New Delhi: Days after the deadlock with the Centre over a range of issues, Urjit Patel stepped down as the Governor of the Reserve Bank of India (RBI) on Tuesday, according to media reports.
Patel tendered his resignation citing personal reasons.
“On account of personal reasons, I have decided to step down from my current position (RBI Governor) effective immediately. It has been my privilege and honour to serve in the Reserve Bank of India in various capacities over the years,” he said.
“The support and hard work of RBI staff, officers and management has been proximate driver of Bank’s considerable accomplishments in recent years. I take this opportunity to express gratitude to my colleagues and Directors of RBI Central Board and wish them all the best for future,” Patel added.
Reacting to Patel’s resignation, Prime Minister Narendra Modi said, “Dr Urjit Patel is an economist of a very high calibre with a deep and insightful understanding of macro-economic issues. He steered the banking system from chaos to order. He leaves behind a great legacy. We’ll miss him immensely”.
Finance Minister Arun Jaitley also praised Patel for offering his services as the central bank’s governor.
“Government acknowledges with deep sense of appreciation the services rendered by Dr Urjit Patel to this country, both in his capacity as Governor and Deputy Governor of RBI. I wish Dr Patel all the very best and many more years of public service,” Jaitley said.
Attacking the Modi government over Patel’s resignation, Congress chief Rahul Gandhi said that there is consensus among opposition parties that the assault on institutions such as the RBI must be stopped.
West Bengal Chief Minister Mamata Banerjee hit out at the Modi government over Patel’s resignation, saying it was a matter of “great shock”. “Institutions, from the CBI to the RBI, have become total disasters. This has never happened before. It is a matter of great shock. We must protest,” Banerjee said.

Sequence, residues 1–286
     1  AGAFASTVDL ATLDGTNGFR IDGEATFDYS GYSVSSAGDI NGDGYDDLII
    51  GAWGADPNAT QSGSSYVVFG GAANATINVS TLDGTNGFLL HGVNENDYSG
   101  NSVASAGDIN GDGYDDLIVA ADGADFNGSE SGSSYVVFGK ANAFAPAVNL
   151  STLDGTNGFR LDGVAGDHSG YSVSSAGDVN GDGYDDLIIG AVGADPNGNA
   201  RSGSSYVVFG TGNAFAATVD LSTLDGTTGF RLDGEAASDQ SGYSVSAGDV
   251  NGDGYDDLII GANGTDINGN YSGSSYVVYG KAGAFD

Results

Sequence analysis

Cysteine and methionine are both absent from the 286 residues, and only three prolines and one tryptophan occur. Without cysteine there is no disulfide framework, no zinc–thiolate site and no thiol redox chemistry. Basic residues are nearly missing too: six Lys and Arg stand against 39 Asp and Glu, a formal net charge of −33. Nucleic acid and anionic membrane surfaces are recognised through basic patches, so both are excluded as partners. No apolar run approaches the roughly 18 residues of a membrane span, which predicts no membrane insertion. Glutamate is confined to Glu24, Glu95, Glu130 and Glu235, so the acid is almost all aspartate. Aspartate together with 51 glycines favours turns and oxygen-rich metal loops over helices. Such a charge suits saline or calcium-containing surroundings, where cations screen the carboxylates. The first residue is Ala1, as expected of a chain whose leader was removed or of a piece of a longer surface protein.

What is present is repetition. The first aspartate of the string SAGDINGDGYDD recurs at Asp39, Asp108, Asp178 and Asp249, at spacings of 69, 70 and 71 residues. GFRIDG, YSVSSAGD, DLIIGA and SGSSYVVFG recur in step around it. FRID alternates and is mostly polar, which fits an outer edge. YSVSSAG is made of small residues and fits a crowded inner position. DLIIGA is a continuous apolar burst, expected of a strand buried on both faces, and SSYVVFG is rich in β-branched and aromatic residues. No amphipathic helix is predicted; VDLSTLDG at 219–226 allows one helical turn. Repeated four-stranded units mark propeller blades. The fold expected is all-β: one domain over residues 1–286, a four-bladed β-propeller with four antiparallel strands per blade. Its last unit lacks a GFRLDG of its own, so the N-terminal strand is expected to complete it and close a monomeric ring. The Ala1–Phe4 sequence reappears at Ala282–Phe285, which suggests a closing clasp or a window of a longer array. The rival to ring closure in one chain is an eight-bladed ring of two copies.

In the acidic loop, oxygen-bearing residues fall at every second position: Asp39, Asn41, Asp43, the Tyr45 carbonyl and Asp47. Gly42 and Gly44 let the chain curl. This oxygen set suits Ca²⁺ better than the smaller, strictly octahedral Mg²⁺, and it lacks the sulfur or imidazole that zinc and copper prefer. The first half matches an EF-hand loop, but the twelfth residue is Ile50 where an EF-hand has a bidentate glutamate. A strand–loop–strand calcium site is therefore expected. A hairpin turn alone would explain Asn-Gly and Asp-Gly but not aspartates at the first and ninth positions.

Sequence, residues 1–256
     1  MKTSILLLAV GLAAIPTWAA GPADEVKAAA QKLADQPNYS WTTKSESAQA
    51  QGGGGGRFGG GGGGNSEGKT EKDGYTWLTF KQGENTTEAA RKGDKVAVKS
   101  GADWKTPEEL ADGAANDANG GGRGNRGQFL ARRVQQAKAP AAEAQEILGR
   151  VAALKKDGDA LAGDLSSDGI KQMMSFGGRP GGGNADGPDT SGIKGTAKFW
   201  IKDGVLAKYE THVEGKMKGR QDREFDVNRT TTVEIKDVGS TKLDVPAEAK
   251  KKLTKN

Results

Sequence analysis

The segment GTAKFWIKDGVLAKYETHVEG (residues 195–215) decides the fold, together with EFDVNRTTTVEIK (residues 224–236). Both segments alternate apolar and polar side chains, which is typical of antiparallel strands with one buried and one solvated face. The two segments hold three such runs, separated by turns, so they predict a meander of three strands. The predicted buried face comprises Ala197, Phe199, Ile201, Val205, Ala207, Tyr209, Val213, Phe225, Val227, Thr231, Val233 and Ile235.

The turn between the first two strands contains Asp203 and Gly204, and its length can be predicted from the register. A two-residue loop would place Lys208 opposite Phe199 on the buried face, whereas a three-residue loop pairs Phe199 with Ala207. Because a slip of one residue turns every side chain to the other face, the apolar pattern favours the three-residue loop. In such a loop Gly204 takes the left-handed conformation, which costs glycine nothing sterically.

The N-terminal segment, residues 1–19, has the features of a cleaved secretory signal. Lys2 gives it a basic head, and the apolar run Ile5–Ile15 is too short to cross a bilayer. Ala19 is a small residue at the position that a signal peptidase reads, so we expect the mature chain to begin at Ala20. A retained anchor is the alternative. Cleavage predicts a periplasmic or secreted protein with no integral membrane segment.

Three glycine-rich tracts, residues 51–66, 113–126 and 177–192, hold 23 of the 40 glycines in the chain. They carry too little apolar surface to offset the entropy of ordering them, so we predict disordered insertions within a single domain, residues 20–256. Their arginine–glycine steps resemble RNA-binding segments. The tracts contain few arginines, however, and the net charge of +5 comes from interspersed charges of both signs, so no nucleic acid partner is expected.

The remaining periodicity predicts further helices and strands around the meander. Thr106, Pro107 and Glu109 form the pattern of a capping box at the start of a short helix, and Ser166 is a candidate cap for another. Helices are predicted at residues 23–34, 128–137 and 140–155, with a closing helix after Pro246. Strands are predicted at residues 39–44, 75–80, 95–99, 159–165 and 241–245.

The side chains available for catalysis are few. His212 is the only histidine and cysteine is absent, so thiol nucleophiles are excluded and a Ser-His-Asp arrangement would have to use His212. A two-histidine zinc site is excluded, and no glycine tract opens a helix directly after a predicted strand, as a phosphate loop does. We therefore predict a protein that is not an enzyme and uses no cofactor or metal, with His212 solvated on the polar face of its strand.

She proposed that the meeting should continue on Tuesday and leaders of opposition parties should also meet President Ram Nath Kovind over Patel’s resignation. “The BJP is behaving like a dictator. There should be a campaign against this rule. Everybody has agreed to that,” she said.
“Financial stability is not there… Financial emergency has started,” she alleged.
Slamming the government over resignations of RBI Governor and Chief Economic Advisor Arvind Subramanian, senior Congress leader Kapil Sibal said, “People he (PM) appointed are resigning, first Arvind Subramanian left as CEO and now it’s Urjit Patel. Economy is suffering, Modi thinks that he’s the biggest economist and he doesn’t need them, so they are resigning”.
Expressing shock over the development, S Gurumurthy, Government nominee in RBI Board, said.”Surprised at the news that RBI governor has resigned. The previous meeting was held in such cordial atmosphere that it comes as a shock. All directors said media had created a wrong perception while inside it was totally different. That makes it even more surprising.”
“I enjoyed several hours of personal discussions with him where we found large areas of agreement as well as mutually understandable disagreement. His resignation is indeed set back to the effects of the convergence of views that was taking place. We will miss him,” he added.
Notably, tensions between the RBI and the government have recently, with the Finance Ministry initiating discussion under the never-used-before Section 7 of the RBI Act which empowers the government to issue directions to the RBI Governor.
Section 7 of the RBI Act says “the central government may from time to time give such directions to the bank as it may, after consultation with the Governor of the Bank, consider necessary in the public interest”.
However, it was reported the central bank and the government have reached a common ground on several issues to bring the standoff to an end during the last board meeting of the central meeting.
Patel — who resigned three days ahead of the RBI board meeting — was appointed the 24th Governor of the central bank on September, 2016 for a three-year term. His tenure was due to end in September next year.
Tensions between the RBI and government spilled into the public domain after the RBI Deputy Governor Viral V Acharya stated that undermining the central bank’s independence could be “potentially catastrophic”. This was seen as a veiled reference to RBI pushing back hard against government pressure to relax its policies and reduce its powers.
The government of the day, he said, was pushing banks to lend which resulted in credit growth in a year shooting up to 31 per cent from the normal average of 14 per cent.
In a push back, Finance Minister Arun Jaitley criticised the central bank for failing to check indiscriminate lending during 2008 and 2014 that has led to the present bad loan or NPA crisis in the banking industry.
“You see (between) 2008 to 2014, after the global economic crisis, to keep the economy artificially going, banks were told open your doors and lend indiscriminately,” Jaitley said at India Leadership Summit organised by US-India Strategic Partnership Forum.
“The central bank looked the other way, there was indiscriminate lending,” he said.